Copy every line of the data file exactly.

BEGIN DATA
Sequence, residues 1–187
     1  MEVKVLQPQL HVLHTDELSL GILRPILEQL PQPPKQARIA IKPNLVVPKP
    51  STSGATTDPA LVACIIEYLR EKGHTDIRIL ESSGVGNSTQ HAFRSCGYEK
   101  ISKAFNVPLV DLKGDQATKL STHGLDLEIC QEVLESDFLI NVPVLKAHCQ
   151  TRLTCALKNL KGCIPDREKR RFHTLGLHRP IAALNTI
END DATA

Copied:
Sequence, residues 1–187
     1  MEVKVLQPQL HVLHTDELSL GILRPILEQL PQPPKQARIA IKPNLVVPKP
    51  STSGATTDPA LVACIIEYLR EKGHTDIRIL ESSGVGNSTQ HAFRSCGYEK
   101  ISKAFNVPLV DLKGDQATKL STHGLDLEIC QEVLESDFLI NVPVLKAHCQ
   151  TRLTCALKNL KGCIPDREKR RFHTLGLHRP IAALNTI